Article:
Crisp farm-to-table vegetables, vine-ripened Creole tomatoes, and home-grown herbs are sautéed and stewed down in my Southern Ratatouille, the Louisiana version of a classic French Provencal side dish. It is a dish that beckons me to return to a special place and time.
The summer I spent years ago traveling the back roads of Southern France was a culinary epiphany of sorts as I connected to the food of the region. I am a student of French cooking, and while I’m not classically trained, I’ve had a lifelong curiosity for French culinary history and technique. I find that French people elevate cooking to an art form; they approach it all quite seriously. For me, it is both fascinating and romantic.
That summer, Roxanne and I fell in love with the terroir and the locals that inhabit the villages, farms, markets, and shops of Provence. Author Peter Mayle was partially responsible for my itinerary; I was reading his best-selling novel A Year In Provence and retraced his steps through the region. Aix-en-Provence was our home base where we ventured out for day trips in search of cultural adventure. At every turn, every fork in the road, there were exciting discoveries. That trip was the catalyst for this blog and my love affair with the cooking of South Louisiana.
Although a vast ocean of differences separates the two regions, they have so much in common: a cultural reverence for food, traditions and customs tied to French heritage, and a colorful cast of characters who make up the local foodway. Farm-to-table sourcing at local markets like our Lafayette Farmers and Artisans Market at the Horse Farm have upped the culinary game here in Acadiana, and the growing list of growers and processors have elevated the quality of this region’s food culture.
For me, the one dish that defines the provincial cooking of Southern France is ratatouille. It is a classic side dish, but on rural French tables it shows up often as the main attraction along with a baguette of bread and a jug of red wine. It’s a simple vegetable dish–some might say a peasant dish–but I believe it represents the philosophy of French cooking and easily connects to my Acadiana in my version–Southern Ratatouille.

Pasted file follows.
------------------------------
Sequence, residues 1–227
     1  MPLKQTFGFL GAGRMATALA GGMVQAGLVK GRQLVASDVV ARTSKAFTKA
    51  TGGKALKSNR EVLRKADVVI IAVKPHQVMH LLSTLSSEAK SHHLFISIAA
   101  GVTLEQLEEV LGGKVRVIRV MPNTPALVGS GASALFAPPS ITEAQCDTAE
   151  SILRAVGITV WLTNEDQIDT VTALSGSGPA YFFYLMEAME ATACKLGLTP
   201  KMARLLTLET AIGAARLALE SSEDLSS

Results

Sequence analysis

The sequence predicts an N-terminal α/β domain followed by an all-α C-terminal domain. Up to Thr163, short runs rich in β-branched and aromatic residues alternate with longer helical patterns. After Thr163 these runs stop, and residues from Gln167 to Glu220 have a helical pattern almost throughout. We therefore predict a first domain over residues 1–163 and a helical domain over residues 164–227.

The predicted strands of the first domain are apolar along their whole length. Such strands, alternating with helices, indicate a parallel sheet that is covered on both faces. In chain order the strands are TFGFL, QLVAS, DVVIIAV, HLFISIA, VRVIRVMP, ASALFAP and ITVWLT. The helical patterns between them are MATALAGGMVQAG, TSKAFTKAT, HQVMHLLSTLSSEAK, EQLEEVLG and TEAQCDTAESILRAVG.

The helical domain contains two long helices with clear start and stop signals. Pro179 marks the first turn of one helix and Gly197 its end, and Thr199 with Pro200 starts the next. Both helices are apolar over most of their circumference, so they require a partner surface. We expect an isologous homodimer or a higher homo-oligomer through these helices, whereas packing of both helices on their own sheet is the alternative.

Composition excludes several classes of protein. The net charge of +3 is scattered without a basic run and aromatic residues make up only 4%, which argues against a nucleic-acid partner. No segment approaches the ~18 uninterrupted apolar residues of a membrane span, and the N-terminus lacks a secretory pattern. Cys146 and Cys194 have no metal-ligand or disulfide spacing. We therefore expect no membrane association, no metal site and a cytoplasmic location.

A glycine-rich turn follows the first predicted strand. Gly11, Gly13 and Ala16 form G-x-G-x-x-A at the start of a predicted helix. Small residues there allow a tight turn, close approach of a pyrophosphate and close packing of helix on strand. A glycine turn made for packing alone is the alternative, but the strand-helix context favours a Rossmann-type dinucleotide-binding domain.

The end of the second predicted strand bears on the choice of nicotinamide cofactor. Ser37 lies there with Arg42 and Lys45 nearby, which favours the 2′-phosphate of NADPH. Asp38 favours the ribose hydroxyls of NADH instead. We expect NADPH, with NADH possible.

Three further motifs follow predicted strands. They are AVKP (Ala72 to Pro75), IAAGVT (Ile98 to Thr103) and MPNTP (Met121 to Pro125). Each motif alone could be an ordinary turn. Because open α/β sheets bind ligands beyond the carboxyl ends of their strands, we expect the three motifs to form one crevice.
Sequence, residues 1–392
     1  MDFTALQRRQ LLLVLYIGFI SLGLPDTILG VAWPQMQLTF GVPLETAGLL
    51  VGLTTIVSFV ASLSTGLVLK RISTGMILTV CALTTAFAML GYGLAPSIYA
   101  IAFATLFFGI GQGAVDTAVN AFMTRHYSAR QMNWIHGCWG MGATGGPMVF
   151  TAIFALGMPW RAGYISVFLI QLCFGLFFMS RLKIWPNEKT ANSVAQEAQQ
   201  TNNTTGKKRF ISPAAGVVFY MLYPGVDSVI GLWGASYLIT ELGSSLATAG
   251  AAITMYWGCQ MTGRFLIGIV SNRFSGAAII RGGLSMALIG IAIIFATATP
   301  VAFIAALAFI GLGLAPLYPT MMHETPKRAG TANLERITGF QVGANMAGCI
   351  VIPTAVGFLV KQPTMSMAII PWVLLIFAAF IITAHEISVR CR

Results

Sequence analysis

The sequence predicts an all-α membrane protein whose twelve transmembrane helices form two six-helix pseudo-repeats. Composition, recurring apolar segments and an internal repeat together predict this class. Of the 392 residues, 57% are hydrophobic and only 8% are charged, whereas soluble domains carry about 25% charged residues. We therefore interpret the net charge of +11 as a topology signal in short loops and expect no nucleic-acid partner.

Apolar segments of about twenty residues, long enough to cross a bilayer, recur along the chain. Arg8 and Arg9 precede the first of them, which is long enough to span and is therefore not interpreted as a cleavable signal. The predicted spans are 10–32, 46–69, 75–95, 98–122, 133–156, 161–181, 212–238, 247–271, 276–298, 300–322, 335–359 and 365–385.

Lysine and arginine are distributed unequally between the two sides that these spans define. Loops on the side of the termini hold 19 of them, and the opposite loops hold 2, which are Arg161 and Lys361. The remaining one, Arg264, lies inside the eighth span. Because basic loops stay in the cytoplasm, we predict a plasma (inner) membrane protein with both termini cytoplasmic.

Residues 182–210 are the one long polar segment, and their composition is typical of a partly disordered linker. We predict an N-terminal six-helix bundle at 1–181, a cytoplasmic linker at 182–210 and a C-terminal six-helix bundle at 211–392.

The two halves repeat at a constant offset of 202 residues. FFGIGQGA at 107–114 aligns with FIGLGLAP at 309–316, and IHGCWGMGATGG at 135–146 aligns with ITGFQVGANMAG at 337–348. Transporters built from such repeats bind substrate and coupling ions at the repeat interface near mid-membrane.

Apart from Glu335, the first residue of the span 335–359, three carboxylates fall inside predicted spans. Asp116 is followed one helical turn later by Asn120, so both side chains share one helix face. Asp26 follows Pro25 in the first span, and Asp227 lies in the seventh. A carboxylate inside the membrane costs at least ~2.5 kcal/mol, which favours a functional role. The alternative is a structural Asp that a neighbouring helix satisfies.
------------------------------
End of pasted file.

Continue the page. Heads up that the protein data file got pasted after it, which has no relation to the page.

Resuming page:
With a few locally focused ingredient substitutions, I set out to interpret my Southern Ratatouille as an equally iconic dish of Southern Louisiana. Instead of zucchini, I’m using traditional mirliton (chayote squash)–a common ingredient on Cajun tables. Whole pods of okra are stewed in my ratatouille along with fresh parsley and rosemary from my herb garden. And ripe, red Creole tomatoes and yellow onions infuse my skillet with color and flavor. At the farmer’s market, Inglewood Farm had fresh yellow eggplant—golden round orbs that soak in the flavor of all the farm-fresh ingredients.
Follow my lead and improvise in making this classic Southern Ratatouille with the freshest ingredients you can find.
- 4 tablespoons olive oil
- 3 medium yellow onions, peeled and roughly chopped
- 2 cups roughly chopped eggplant
- 2 cups roughly chopped mirliton squash
- 3 sweet peppers or bell peppers, cut into chunks
- 2 tablespoons minced garlic
- 1 cup roughly chopped flat-leaf parsley
- 2 large Creole tomatoes, quartered
- 2 tablespoons tomato paste
- ¼ cup chicken stock
- 1 tablespoon chopped fresh rosemary
- 1 teaspoon dried oregano
- ½ teaspoon dried thyme
- Kosher salt and freshly ground black pepper
- 6 medium-sized pods of okra
- Extra-virgin olive oil, for finishing
- Flat-leaf parsley, for garnish
- In a large skillet with a heavy lid over medium-high heat, add the oil. Once hot, add the onions. On top of the onions, add the eggplant, squash, peppers, garlic, and parsley. Once the onions begin to brown, about 5 minutes, stir the mixture by scraping from the bottom with a spatula and incorporate all of the vegetables.
- Lower the heat to medium and add the tomatoes, tomato paste, and chicken stock. Add the rosemary, oregano, and thyme, and season with salt and pepper.
- Stir the mixture and add the okra pods on top. Cover the skillet, lower the heat, and let simmer for 15 minutes until the vegetables are cooked through but not breaking down. Turn off the heat and let rest before serving.
- For serving family-style, place the skillet of ratatouille on the table, drizzle with olive oil, and garnish with a sprig of parsley.
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